Today's focus: Health justice, protecting good doctors, and ensuring access to care.
...from the Center for Health Transformation...
As congressional leaders prepare to meet with the White House on health care reform later this week, most Americans believe that civil justice reform should be addressed. And physicians and other healthcare professional overwhelming support civil justice reform. These type of reforms offers the biggest hope of providing significant savings – $650 billion annually in defensive medicine costs alone.
Civil justice reform is simple. It neither increases our taxes nor expands the federal bureaucracy.
So as the debate continues in Washington over what to do about health reform, civil justice reform continues to be pushed to the back burner by the president and democratic leaders in Congress. While the president has repeatedly called for a closer examination of successful state-based civil justice reform solutions, we already know that civil justice reform works. States like Texas, California and Georgia have demonstrated that civil justice reform can also stem skyrocketing medical malpractice insurance premiums and how those costs are being passed along to the consumer.
California passed civil justice reforms more than 30 years ago, and malpractice premiums in several specialties are now as much as [# More #] 50 percent lower than those in states such as New York, Pennsylvania and Florida. Texas adopted comprehensive legal reform in 2003, and more than 14,000 doctors have returned to the state or decided to move to Texas as a result of civil justice reforms. Communities in Texas that once did not have primary or specialty care doctors now have a full complement of physicians. Georgia passed civil justice reforms in 2005 and medical litigation insurance premiums have been steadily decreasing while the number of communities with access to a physician have increased.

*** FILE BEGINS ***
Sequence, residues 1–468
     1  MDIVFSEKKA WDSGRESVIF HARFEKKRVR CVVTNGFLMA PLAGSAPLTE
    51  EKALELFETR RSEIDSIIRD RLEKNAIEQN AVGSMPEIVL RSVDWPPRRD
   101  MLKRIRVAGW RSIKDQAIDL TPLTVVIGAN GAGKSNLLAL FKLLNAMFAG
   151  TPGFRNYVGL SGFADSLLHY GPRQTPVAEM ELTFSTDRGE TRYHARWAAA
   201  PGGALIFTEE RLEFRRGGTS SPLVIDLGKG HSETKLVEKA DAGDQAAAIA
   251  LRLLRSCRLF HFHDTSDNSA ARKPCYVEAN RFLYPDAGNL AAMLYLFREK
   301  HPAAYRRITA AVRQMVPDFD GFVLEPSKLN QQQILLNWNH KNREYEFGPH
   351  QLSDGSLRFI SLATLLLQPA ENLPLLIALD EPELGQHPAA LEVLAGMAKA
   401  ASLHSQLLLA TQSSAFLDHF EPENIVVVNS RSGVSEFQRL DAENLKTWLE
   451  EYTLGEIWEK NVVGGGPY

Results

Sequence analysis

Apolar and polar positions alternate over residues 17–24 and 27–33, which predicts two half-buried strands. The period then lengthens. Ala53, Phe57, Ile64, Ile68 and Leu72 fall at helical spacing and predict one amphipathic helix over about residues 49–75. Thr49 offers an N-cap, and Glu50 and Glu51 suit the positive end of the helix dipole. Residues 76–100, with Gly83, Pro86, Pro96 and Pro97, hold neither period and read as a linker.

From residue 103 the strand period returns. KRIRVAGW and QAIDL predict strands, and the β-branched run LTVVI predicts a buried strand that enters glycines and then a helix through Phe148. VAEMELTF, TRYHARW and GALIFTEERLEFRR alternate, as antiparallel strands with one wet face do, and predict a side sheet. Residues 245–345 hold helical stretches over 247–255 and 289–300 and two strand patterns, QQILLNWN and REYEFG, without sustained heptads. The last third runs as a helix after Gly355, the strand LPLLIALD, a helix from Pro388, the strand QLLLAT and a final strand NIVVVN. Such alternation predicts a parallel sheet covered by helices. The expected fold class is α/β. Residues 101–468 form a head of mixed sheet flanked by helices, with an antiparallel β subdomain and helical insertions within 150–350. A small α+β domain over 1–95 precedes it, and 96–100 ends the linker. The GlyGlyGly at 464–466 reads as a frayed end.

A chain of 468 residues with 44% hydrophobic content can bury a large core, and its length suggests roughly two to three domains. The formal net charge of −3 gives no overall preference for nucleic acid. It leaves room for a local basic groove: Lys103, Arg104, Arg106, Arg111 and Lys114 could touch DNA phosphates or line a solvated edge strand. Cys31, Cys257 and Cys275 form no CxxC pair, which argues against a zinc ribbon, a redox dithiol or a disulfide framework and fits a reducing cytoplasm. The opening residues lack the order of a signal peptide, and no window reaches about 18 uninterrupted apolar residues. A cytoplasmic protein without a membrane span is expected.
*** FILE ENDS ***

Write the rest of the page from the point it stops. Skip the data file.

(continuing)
It will take bold leaders willing to stand up to personal injury lawyers. If this Congress and this president are serious about health reform, civil justice should be addressed. There is a potential pot of $650 billion annually which could go to decreasing premiums for individuals and small employers. It could be used to reduce the rolls of the uninsured. It could go to improving patient safety and reducing medical errors.
There are many suggested reforms … including creating a “safe harbor” for physicians who employ best medical practices, caps on non-economic damages or so-called “pain and suffering” claims, and creating health courts which specialize in medical injury cases.
Stay tuned for much more from Newt's Center for Health Transformation...